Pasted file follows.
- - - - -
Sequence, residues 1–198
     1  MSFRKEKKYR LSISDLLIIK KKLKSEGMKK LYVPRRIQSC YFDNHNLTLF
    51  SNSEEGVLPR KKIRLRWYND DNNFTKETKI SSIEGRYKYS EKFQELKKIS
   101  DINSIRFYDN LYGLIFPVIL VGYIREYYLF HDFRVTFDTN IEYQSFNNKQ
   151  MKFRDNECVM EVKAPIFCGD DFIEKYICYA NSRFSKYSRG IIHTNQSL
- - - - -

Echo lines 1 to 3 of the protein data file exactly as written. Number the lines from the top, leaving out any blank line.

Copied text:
Sequence, residues 1–198
     1  MSFRKEKKYR LSISDLLIIK KKLKSEGMKK LYVPRRIQSC YFDNHNLTLF
    51  SNSEEGVLPR KKIRLRWYND DNNFTKETKI SSIEGRYKYS EKFQELKKIS